Saturday, August 16, 2003

We're back from our yoga vacation to Mt. Shasta. It was a great week. I had hoped to be able to go back to that internet cafe a few more times so that I could post updates but the various activities of the days took up our time.

A typical day started with a short 30 minute pranayama session starting at 6:30 am, for those that wanted to do that. Pranayama was followed by asana practice, usually lasting about two hours. After some time for cleaning up, eating breakfast and resting a bit, there was a trip to a scenic spot somewhere in the Shasta area. These usually involved a short hike of a mile or so. In the evening, after everyone had returned from whatever they did that day, we would have a question and answer session in the yoga room for an hour or so. Then dinner, followed by conversation, hot tubbing, scrabble games, etc. We were usually in bed by 10 pm.

The pranayama sessions were kept, as Tim put it, "compassionate". The retentions were pretty short compared to his norm. The actual inhales and exhales were long enough though. Since a lot of the folks there hadn't previously done much pranayama, some said it was hard for them. By the end of the week, we had moved up to doing the exhales and inhales with retentions and the alternate nostril breathing sequences. Hardest part for me was the occasional fly that would buzz through and land on my hands or neck or something. After, distracting me, it would then flit over to the next person, then back to me, go away for a while, come back, etc. In a normal class, that much of a distraction would have done me in. Fortunately, the sessions were toned down enough that it was just distracting, not disturbing or disrupting.

Asana class varied each day. The workshop is set up to be focused on the second series. We did do led second series on Sunday and Tuesday. On Monday, Wednesday and Friday, we did Mysore style class. On Thursday, Tim gave a class that was geared toward bandha development. I had hoped we would do more full second series, but both times that we did it, I was hitting the wall, ability-wise and endurance-wise, around the Tittibhasana series. On the mysore class days, most folks did the second series. The more advanced yogis in the group would do the third series on those days. I did my usual mysore session, which is first series and the second series up through supta vajrasana. I didn't notice much effect from being at that altitude. It's not that high, somewhere around 3500 feet I think, but I remember feeling it the first few days last year when we did the first series workshop. The mysore days were the best practices for me. I haven't done full second series enough times yet to have any sense of rhythm. The mysore classes allow me the opportunity to pace things to my best advantage. It's a sequence that I've become increasingly comfortable with. I never felt as tired doing those postures as I did doing the full second series. I'll post in more detail later about the classes each day, we're a little worn out right now.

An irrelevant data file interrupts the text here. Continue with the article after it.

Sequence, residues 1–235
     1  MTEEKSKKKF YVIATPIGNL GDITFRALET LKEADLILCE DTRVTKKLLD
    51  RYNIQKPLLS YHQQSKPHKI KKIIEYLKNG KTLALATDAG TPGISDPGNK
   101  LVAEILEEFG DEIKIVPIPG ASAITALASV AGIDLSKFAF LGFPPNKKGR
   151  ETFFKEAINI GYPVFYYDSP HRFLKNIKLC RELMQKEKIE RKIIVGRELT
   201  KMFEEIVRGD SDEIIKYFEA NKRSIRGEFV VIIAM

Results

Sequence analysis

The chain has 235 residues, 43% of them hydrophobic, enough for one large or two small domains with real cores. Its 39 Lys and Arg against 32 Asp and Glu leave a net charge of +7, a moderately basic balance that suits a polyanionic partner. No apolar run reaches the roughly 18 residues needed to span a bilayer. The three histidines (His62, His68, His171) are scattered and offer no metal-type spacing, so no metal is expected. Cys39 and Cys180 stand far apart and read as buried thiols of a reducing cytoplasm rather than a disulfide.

In attending a workshop like this, for better or worse, one has the opportunity to benchmark one's self against an array of experienced yogis. As one of the less experienced people in the room, I did nothing to impress, but fortunately I didn't embarrass myself either. Seeing everyone else being able to do so many postures so well is a highly energizing and motivating experience. Getting to know these folks and learning about their different paths of development helps reinforce the concept that, with due diligence and practice, many things will come.

I'm going to stop here. I want to get some sleep. I'm going to try and go to the 2nd series class tomorrow morning. I have no idea when my next shot at a full 2nd series class will come, so I'm going to take advantage of it while I can. It will be interesting to see how different it feels to do the class at sea level and in the usually warm studio here instead of the wood burning stove heated room in Shasta

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